The Surgeon General has said African Americans are at a greater risk for Covid-19. Jerome Adams warned that everyone needed to help slow the spread of the disease.
“Testing is a concern,” the Surgeon General said.
“We’re going to be at 2 million tests this week and it’s rapidly ramping up with the commercial industry coming on board. We’re also seeing more people doing antibody testing.”
Adams said he had spoken with the administration’s testing czar.
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The @Surgeon_General says African Americans are at higher risk for COVID-19 and revealed he has high blood pressure & a heart condition.
— CBS This Morning (@CBSThisMorning) April 7, 2020
“He assures me by the end of this month we should not only be doing diagnostic testing but also doing surveillance testing across the country.”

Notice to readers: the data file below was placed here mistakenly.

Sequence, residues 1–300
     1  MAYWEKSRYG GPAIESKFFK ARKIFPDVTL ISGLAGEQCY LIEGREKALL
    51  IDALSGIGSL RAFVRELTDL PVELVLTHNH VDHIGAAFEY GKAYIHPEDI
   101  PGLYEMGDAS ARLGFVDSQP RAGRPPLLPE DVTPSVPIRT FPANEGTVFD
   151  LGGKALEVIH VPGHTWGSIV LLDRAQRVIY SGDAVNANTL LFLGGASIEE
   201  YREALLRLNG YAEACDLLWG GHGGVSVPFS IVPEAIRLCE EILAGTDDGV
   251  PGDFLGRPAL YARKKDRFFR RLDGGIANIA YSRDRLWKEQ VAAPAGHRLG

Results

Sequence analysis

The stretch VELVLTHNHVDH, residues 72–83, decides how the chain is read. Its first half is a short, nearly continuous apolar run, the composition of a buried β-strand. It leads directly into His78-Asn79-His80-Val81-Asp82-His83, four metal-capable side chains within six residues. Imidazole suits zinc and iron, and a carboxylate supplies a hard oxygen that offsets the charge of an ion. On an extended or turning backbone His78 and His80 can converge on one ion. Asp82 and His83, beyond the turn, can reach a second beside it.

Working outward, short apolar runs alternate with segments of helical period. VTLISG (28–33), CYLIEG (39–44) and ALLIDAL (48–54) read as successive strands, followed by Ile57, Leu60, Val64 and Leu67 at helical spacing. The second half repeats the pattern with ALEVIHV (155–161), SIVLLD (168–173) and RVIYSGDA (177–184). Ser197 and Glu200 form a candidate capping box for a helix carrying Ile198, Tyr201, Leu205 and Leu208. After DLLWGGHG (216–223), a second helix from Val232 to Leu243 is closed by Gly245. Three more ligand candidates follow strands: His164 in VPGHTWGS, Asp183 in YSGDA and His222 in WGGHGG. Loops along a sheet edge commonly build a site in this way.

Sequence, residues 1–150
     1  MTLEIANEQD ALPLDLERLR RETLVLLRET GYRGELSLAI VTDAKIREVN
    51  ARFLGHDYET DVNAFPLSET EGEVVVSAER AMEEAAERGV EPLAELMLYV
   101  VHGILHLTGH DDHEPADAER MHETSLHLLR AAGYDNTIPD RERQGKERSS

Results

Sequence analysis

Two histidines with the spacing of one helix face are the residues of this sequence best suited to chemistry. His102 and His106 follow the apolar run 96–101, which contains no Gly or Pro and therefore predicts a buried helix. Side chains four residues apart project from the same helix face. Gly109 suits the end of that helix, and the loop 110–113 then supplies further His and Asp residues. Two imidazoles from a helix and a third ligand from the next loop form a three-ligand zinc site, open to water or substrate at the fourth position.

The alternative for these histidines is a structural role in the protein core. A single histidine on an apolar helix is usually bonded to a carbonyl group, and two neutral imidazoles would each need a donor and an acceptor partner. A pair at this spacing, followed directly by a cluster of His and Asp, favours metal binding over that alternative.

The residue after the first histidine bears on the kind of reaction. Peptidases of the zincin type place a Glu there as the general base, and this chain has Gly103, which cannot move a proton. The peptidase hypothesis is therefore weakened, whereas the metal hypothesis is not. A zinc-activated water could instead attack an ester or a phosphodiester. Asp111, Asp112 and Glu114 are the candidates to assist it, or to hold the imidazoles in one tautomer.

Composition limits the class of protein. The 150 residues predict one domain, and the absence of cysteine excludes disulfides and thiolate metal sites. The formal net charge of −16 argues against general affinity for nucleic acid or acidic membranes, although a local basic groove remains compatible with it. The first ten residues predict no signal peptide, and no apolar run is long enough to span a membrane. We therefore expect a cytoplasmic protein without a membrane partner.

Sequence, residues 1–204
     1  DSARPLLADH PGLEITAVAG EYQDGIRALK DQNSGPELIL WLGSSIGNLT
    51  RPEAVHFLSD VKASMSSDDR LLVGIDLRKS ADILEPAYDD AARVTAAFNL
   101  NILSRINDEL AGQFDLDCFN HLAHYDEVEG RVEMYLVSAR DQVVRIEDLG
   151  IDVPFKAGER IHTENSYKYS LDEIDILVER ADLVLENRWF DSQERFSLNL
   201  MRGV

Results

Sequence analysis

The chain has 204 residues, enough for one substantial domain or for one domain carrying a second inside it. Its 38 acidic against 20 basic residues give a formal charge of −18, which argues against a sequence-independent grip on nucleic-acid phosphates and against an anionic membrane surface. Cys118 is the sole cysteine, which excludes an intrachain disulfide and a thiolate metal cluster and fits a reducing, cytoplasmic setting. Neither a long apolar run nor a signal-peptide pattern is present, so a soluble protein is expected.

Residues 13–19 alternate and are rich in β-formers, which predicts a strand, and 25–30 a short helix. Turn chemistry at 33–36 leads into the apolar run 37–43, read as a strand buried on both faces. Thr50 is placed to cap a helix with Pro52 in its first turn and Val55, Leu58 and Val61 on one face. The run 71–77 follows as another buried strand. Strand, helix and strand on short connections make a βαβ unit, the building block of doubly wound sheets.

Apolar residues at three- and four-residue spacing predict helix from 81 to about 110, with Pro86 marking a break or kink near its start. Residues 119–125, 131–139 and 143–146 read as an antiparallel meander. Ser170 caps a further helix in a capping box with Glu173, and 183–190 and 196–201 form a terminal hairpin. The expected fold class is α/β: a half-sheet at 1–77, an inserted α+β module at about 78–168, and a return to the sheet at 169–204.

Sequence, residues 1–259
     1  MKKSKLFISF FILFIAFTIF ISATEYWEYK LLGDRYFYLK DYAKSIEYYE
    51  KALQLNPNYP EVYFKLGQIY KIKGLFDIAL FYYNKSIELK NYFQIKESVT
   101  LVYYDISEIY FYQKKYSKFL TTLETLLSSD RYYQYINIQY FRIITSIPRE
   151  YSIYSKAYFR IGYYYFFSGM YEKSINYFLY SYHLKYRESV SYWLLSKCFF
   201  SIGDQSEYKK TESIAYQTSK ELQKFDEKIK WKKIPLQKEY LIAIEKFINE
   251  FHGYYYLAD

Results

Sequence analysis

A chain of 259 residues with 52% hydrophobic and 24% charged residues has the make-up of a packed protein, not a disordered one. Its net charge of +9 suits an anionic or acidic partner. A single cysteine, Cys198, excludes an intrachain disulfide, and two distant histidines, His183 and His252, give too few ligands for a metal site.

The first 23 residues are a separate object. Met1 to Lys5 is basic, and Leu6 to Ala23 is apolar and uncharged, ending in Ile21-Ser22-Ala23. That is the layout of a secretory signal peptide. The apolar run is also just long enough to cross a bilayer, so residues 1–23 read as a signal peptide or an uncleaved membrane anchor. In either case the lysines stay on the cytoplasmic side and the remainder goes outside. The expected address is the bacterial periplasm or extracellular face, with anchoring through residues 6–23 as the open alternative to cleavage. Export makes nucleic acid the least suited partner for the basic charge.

“At 2 million people by the end of this week, we’re getting really close to South Korea’s initial testing surge numbers.”
Adams said he had underlying conditions that put him at risk. He explained that African Americans could be particularly affected by the disease because of differing ‘health equity.’
“I represent that legacy of growing up poor and black in America,” he said.
“I and many black Americans are at higher risk for COVID,” Adams went on.
“It’s why we need everyone to do their part to slow the spread.”
The Surgeon General urged people to stay at home and practice social distancing. This will ‘protect their neighbors’, he said.
“It is working,” Adams said. “We will get through this. We are seeing progress but America has the power to change the trajectory of this epidemic. The public really needs to keep doing their part.”
Darragh Roche is a journalist covering U.S. politics and media